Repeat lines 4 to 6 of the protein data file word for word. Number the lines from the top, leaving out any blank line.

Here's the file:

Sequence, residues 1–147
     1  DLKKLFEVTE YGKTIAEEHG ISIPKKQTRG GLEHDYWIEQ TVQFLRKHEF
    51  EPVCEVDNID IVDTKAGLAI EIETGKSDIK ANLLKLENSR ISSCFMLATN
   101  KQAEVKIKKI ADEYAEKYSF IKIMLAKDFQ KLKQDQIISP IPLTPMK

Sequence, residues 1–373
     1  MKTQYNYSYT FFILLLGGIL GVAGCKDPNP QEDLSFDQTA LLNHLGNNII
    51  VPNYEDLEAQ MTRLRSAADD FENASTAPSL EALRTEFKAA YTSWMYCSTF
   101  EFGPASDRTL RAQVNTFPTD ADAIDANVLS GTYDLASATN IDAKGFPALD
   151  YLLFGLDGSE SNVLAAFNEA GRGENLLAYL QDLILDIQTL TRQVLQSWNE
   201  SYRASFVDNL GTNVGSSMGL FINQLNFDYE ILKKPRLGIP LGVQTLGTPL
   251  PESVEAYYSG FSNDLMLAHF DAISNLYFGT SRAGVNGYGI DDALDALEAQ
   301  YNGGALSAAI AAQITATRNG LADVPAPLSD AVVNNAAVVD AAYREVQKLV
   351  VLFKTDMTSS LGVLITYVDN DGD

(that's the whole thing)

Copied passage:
   101  KQAEVKIKKI ADEYAEKYSF IKIMLAKDFQ KLKQDQIISP IPLTPMK

Sequence, residues 1–373
     1  MKTQYNYSYT FFILLLGGIL GVAGCKDPNP QEDLSFDQTA LLNHLGNNII